And perhaps it was this fact combined with the juxtaposition of the mild mini moment of the party coupled with the intenseness of the end of the year academic demands, and the worry of piling up papers to grade, that made me stop and take notice. But when I looked out and saw teachers and students laughing, bouncing soccer balls, hula-hooping and just sharing this time together, I had an “aha!” moment.
For, standing before me were not test scores and statistics.
No, standing before me were the adults and teenagers I had worked closely with to get as many across the finish line as possible. Sadly, some students remain shy of the goal, while, happily, others have flown past any preconceived success estimation. But that day we celebrated the coordinated effort of so many individuals working together, culminating in just having fun together.
And as I was competing in my own hula-hoop contest with one of my students, she giggled at me and said, “Mrs. Bundy, when I’m a senior and look back –this is going to one of my best memories from high school.”
Now, that is an excellent rating that beats any banner or ribbon anywhere.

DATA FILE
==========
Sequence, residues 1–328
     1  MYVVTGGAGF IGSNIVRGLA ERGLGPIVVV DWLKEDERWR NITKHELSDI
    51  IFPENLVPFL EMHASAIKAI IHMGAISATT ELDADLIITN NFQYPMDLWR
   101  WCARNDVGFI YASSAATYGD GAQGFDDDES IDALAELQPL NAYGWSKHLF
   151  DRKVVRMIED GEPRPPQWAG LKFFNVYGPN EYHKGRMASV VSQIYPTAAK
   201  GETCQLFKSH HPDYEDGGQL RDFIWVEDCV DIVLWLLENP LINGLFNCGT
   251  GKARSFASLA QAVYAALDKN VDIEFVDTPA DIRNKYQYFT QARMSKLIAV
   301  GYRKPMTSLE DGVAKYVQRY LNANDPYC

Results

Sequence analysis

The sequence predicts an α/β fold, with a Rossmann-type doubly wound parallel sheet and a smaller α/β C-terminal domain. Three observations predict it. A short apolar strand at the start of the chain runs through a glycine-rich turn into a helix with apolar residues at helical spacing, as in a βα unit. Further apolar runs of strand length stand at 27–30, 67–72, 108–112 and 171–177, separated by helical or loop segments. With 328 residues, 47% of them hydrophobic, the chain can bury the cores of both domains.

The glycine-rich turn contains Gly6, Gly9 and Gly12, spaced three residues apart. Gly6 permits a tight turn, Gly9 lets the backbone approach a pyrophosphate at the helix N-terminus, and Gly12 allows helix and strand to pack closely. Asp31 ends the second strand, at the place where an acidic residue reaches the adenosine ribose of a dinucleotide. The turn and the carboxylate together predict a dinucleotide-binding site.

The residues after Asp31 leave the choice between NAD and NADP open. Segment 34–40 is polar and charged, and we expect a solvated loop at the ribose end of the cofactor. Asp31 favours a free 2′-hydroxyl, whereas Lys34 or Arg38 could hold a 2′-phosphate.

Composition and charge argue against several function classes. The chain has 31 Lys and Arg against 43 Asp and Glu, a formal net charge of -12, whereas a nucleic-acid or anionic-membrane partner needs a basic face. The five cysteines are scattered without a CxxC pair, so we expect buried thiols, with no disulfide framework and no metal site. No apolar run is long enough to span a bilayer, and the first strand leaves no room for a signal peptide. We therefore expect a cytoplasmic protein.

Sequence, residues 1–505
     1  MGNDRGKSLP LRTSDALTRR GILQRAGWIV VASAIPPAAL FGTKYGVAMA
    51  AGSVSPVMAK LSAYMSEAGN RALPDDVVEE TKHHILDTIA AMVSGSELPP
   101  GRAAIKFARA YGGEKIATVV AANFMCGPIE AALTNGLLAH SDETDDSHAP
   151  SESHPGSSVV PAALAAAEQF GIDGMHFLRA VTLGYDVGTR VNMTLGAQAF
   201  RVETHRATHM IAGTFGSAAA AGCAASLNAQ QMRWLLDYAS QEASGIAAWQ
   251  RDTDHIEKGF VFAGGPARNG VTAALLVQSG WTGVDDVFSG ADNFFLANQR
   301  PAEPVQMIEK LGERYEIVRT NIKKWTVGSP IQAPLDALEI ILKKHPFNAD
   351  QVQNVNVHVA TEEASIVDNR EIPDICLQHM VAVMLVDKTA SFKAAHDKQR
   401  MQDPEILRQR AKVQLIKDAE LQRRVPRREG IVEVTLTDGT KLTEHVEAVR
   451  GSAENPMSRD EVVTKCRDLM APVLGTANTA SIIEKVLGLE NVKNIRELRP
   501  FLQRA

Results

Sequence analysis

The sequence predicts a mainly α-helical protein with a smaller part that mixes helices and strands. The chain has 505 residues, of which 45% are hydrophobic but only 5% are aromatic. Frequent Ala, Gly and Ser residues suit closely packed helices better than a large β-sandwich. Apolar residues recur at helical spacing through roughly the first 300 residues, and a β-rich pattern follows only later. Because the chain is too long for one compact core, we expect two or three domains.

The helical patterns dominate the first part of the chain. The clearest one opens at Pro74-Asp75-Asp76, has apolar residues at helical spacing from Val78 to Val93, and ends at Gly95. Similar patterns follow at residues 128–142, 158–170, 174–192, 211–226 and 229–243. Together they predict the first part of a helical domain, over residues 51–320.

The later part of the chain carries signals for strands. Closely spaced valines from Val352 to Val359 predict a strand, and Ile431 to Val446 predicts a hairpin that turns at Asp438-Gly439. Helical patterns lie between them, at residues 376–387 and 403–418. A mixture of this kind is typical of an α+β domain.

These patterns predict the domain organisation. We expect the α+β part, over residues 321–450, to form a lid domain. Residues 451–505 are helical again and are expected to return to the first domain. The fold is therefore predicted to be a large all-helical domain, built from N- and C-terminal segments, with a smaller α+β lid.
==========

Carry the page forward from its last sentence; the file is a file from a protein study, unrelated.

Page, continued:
Monday, January 25, 2010

Judgement Day

At the end of the seventeen hour journey, the trophy proclaiming second runner-up was positioned next to the Grand Champion trophy. Although the smaller award was admittedly dwarfed in the shadow of the previous week's impressive prize, it represented something mere size can't measure.
The high school Show Choir met at 7 a.m. on that Saturday to travel to their destination in another state for an all-day competition that culminated months of practicing everything from singing and dancing, to presentation and production, to articulation and attitude. Coming off the grand champion victory of the previous week, the teen's spirits were high. They walked into the venue with a confidence that belongs to champions.
Unfortunately, the wheel of good fortune spun that day and landed on the judges proclaiming them third place in the preliminaries. And for a while this affected the way they saw themselves. They were the same award-winning, awe-inspiring, talented kids that walked into that competition. It's just they stopped believing that's who they were the moment someone else deemed them less deserving than the best. The performers had forgotten that others can judge us, but they can't define us.